SAGE Journal Articles
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Benedict, F. T., Vivier, P. M., & Gjelsvik, A. (2015). Mental health and bullying in the United States among children aged 6 to 17 years. Journal of Interpersonal Violence, 30(5), 782-795.
This article examines the association between mental health disorders and being identified as a bully among children between the ages of 6 and 17 years. Data from the 2007 National Survey of Children’s Health were examined. A total of 63,997 children had data for both parental reported mental health and bullying status. Bivariate analysis and logistic regression was performed to assess the association between mental health status and being identified as a bully with an age-stratified analysis and sub-analysis by type of mental health disorder. In 2007, 15.2% of U.S. children ages 6 to 17 years were identified as bullies by their parent or guardian. Children with a diagnosis of depression, anxiety, or depression had a threefold increased odds of being a bully. The diagnosis of depression is associated with a 3.31 increased odds (95% CI = [2.7, 4.07]) of being identified as a bully. Children with anxiety and attention deficit and hyperactivity disorder (ADHD) had similar odds. The diagnosis of a mental health disorder is strongly associated with being identified as a bully. In particular, depression, anxiety, and ADHD are strongly associated with being identified as a bully. These findings emphasize the importance of providing psychological support to not only victims of bullying but bullies as well. Understanding the risk profile of childhood bullies is essential in gaining a better grasp of this public health problem and in creating useful and appropriate resources and interventions to decrease bullying.
Questions to consider:
1. Why are children with mental health issues at a higher risk for victimizing others?
2. Describe the mental health disorders associated with bully behavior.
3. Explain why it is important to not only focus on the victims of bullying but also those labeled as a bully.
Pearlman, S. A. (2013). The patient protection and affordable care act: Impact on mental health services demand and provider availability. Journal of the American Psychiatric Nurses Association, 19(6), 327-334.
The Patient Protection and Affordable Care Act (ACA) will greatly increase the demand for mental health (MH) services, as 62.5 million Americans from relatively high-need populations will be newly eligible for MH benefits. Consequently, the supply of MH care provider services is expected to proportionately decrease by 18% to 21% in 2014. ACA funding does not demonstrate the ability to increase turnout of psychiatrists sufficiently to meet the need. Available data indicate that the numbers of advanced practice psychiatric nurses (APPNs) continue to increase at a much greater rate, but information from either a clinical perspective or a market perspective is complicated by the weak distinctions that are made between nurse practitioners (NPs) and other nonphysician care professionals. The following recommendations are made: (a) some of the ACA funding for research into efficient and effective care delivery systems should be allocated to acquiring data on APPNs in leadership roles or clinical settings in which they are ultimately responsible for management of MH care, as differentiated from settings in which they provide support for psychiatrists; and (b) since the available data indicate nurse practitioners achieve good outcomes and are more economically viable than psychiatrists, placement of psychiatric-mental health nurse practitioners in community settings should be recognized as a realistic solution to the shortfall of MH services.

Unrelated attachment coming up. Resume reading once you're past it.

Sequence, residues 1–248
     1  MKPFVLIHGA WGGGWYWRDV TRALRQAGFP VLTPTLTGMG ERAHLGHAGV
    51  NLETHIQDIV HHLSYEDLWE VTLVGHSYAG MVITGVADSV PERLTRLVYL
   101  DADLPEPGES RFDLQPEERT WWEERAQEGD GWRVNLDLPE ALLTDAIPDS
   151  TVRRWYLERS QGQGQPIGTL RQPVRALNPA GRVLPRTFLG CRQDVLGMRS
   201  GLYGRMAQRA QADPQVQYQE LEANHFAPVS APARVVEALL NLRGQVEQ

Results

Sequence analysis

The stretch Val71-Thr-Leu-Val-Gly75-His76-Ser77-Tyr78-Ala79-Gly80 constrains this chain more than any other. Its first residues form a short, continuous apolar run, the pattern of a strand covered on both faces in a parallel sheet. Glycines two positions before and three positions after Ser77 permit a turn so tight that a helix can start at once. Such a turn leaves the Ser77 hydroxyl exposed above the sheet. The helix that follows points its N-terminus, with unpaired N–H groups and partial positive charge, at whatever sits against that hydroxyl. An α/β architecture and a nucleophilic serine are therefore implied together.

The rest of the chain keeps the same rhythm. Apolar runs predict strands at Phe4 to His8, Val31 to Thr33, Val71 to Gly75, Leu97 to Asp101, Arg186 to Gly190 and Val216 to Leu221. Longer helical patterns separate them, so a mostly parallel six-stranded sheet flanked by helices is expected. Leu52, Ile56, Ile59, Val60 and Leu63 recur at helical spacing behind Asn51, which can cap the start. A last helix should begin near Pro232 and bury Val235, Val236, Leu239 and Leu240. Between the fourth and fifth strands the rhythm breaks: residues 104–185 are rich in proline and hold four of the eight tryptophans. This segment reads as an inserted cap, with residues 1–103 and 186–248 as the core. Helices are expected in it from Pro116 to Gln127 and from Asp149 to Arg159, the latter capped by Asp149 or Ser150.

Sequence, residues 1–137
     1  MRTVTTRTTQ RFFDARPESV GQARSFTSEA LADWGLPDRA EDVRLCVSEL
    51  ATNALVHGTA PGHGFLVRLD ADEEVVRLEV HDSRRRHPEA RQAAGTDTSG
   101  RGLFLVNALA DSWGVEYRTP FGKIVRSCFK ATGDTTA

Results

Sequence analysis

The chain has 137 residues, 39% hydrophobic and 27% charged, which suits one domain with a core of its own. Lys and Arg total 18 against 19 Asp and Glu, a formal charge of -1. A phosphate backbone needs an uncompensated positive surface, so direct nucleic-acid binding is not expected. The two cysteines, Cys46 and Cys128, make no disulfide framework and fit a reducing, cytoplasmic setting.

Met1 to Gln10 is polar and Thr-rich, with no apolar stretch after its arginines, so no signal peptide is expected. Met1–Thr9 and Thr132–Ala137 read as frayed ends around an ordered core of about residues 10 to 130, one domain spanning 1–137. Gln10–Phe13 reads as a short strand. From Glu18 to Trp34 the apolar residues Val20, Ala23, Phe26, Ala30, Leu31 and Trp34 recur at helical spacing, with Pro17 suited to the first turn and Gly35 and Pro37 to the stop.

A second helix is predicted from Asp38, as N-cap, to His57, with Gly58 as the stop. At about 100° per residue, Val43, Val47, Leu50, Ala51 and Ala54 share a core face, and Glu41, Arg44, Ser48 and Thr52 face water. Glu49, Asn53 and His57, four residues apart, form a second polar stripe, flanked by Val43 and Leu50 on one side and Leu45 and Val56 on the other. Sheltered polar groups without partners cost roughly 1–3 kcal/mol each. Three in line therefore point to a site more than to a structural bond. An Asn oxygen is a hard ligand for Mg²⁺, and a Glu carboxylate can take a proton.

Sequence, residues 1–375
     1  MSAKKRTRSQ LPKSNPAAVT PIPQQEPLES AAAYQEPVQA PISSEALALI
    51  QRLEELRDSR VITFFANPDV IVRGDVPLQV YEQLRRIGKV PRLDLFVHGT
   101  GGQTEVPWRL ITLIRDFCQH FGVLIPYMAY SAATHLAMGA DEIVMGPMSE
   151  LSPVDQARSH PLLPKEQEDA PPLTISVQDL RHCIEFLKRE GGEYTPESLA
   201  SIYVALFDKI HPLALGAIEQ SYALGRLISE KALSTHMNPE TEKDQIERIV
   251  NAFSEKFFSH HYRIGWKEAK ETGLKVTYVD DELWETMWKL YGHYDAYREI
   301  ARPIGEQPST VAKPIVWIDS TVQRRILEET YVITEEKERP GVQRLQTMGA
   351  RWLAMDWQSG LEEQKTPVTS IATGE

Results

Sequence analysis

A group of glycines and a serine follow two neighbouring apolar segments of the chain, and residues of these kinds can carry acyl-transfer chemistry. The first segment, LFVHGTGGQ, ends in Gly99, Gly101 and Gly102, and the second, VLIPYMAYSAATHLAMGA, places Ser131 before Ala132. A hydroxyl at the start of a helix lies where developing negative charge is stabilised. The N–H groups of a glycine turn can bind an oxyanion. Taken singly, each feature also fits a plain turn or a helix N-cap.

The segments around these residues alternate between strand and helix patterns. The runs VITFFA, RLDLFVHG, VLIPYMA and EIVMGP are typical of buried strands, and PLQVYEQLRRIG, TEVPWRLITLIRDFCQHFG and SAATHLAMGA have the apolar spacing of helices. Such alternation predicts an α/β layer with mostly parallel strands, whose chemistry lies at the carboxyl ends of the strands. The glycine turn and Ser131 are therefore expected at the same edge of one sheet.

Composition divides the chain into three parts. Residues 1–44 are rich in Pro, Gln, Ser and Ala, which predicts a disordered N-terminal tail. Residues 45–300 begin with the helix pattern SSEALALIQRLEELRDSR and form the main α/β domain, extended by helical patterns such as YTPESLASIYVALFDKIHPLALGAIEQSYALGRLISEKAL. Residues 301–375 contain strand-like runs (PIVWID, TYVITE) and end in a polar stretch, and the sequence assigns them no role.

Questions to consider:
1. How does the Affordable Care Act impact/improve mental health services?
2. What types of prevention and what types of intervention can provided through the Affordable Care Act?
3. What are some unintended outcomes for mental health services that could arise under the Affordable Care Act (positive or negative)?
Olson, J. R., & Goddard, H. W. (2015). Applying prevention and positive youth development theory to predict depressive symptoms among young people. Youth & Society, 47(2), 222-244.
The purpose of this study was to identify predictors of depressive symptoms among adolescents using concepts drawn from two theoretical models that underlie popular youth-focused programs. Specifically, we assessed the degree to which family-level risk factors increase the likelihood of depressive symptoms, and the degree to which community and/or school-level protective/promotive factors either buffer against risk, or directly lead to lower levels of depressive symptoms. Results indicate that three of the four hypothesized risk factors were associated with elevated levels of depressive symptoms. In addition, the protective/promotive factors had more promotive than protective effects because they were directly related to lower levels of symptoms. Implications for youth-focused programming are discussed.
Questions to consider:
1. How does community and/or school-level protective/promotive factors buffer again the family-level risk factors for depressive symptoms?
2. Which risk factors are most likely to be associated with elevated levels of depressive symptoms?
3. What are the implications for youth programming?